“Right now, being a Mexican in the United States is very scary,” says Ilan Stavans, Professor of Latin American and Latino Culture at Amherst College and editor of the recently published Norton Anthology of Latino Literature. “You are often at the bottom of the scale, and there is a lot of animosity.” Literature, Stavans says, can help smooth interactions among the diverse ethnic groups and cultures in the country. The 2,700–page anthology, which includes 201 authors, arrives at a pertinent moment. According to recent census statistics, more than one out of every two people added to the U.S. population between 2008 and 2009 is Hispanic, and by 2050, the group will increase to 30 percent of the U.S. population. Stavans recently discussed with me the exhaustive project of assembling the collection and the evolving role of Latino culture in the United States.

Can you describe the genesis of the project?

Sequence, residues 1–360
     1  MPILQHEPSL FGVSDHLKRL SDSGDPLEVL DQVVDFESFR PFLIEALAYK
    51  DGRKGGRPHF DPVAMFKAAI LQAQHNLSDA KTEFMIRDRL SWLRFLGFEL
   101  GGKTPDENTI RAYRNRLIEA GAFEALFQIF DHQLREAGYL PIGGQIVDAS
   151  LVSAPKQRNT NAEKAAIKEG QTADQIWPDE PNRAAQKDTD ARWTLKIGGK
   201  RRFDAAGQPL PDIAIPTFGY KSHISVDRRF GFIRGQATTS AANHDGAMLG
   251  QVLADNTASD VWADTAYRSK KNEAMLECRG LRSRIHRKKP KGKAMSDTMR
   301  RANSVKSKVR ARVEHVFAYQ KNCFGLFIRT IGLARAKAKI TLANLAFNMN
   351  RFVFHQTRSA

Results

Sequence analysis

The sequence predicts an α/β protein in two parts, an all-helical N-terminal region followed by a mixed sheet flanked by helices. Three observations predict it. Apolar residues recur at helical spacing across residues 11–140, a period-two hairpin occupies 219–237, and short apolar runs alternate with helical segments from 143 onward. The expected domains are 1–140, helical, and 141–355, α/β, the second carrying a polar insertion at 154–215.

The project started 13 years ago. By then, a number of Latino writers had crossed from the margins to center stage. There was a lot of interest in how people would articulate this new literature that was emerging. Would it be a literature of specific groups, for example, Puerto Rican literature or Cuban American literature? Or, was there one single river that had a number of tributaries? Henry Louis Gates, Jr. had just published The Norton Anthology of African American Literature, and I thought that it was time for something similar to be done with Latino writers. Latino literature has now consolidated its presence. It is clear that it is here to stay and that it is pushing the limits of its own conditions, with novelists of all sorts reaching beyond what I would described as Latinidad— or what it means to be Latino in the United States. In the last several decades, Latinos finally have been entering the middle class. This anthology not only explains the forces behind that economic move but justifies the move. It is a book that all middle-class Latinos need, proof that we’ve made it: We’ve arrived.